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Jenny Lind Park Community Project appealing for other groups to share its revamped Norwich base

PUBLISHED: 09:52 01 October 2017

(from left) Hilary Jarrett, treasurer of the Jenny Lind Park Community Project, Gemma Stapleford, project co-ordinator and daughter of project founder Tim Stapleford, and Nigel Parfitt, chairman of the project management committee, on Jenny Lind Park, Norwich. Miss Stapleford is holdng a picture created in memory of her father who died in 2016. Picture: SOPHIE WYLLIE

(from left) Hilary Jarrett, treasurer of the Jenny Lind Park Community Project, Gemma Stapleford, project co-ordinator and daughter of project founder Tim Stapleford, and Nigel Parfitt, chairman of the project management committee, on Jenny Lind Park, Norwich. Miss Stapleford is holdng a picture created in memory of her father who died in 2016. Picture: SOPHIE WYLLIE

SOPHIE WYLLIE

It has reduced youth crime and provided a safe place for children and teenagers through sport and social gatherings.

Tim Stapleford. 
Picture: submitted Tim Stapleford. Picture: submitted

And now the Jenny Lind Park Community Project, which formed seven years ago, is appealing for more volunteers and other community groups to use its refurbished Norwich base.

The project - based in an old post office next to the park on Suffolk Square - runs football, cricket, rounders, indoor games, pool, table football, a homework club and Bible sessions.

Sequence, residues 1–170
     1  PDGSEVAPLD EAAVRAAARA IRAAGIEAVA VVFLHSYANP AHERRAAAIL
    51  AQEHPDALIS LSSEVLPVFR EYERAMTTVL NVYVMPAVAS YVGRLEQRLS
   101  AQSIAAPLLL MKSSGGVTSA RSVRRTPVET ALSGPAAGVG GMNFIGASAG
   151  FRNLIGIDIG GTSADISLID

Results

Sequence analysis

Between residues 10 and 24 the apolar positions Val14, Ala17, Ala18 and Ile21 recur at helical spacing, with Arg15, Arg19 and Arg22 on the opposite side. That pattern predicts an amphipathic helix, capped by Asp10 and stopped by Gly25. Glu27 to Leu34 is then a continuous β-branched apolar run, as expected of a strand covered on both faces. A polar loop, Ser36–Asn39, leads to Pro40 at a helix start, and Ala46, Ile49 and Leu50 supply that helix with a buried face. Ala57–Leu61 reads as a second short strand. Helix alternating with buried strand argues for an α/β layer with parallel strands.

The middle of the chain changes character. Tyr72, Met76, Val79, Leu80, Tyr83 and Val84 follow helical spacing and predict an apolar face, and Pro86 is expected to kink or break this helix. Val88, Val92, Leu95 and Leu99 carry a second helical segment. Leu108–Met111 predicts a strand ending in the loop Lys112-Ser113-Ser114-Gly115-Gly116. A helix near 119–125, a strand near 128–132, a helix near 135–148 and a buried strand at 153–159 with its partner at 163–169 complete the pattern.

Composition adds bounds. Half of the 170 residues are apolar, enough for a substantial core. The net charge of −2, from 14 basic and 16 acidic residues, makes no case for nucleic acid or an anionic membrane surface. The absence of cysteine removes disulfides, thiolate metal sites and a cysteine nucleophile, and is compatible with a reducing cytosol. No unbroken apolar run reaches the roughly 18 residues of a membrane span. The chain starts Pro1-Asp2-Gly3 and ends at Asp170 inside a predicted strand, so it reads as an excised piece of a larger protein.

It now attracts about 50 youngsters mainly aged seven to 13, but when it started as a community football group it attracted a handful of young people.

The project was set up by Tim Stapleford - a former Attleborough Junior School deputy headteacher and Cringleford father of four - who died in 2016 aged 55.

His daughter Gemma Stapleford, 20, from Newmarket Road in Cringleford, who is the new project co-ordninator, said: “The idea behind the project was to increase community cohesion and decrease crime by organising football on the multi-use games area of Jenny Lind Park. There was a problem with illegal substances and anti-social behaviour - particularly knife crime among young people.

“The community is so tight knit. A lot of the project’s growth has come from word of mouth.

“The project gives young people somewhere to get together. It helps them become strong individuals.”

She added crime had reduced in the area which she labelled a “nice community”.

Miss Stapleford added her father had the idea to start the project after driving past the park every Sunday when he attended nearby Holy Trinity Church.

“He felt there was a passion and a need for the project. He was very good at starting something and being very driven. If he was here now he would still be thinking about the next thing to improve the project.”

Since his death, the former post office has been fully refurbished and is available for other organisations.

Miss Stapleford added: “We want to build up our profile.”

The group meets Tuesdays 4-6pm and Thursdays 5.45pm-7pm and is also appealing for volunteers. Email jennylindparkcp@gmail.com or search Jenny Lind Park Community Project on Facebook.

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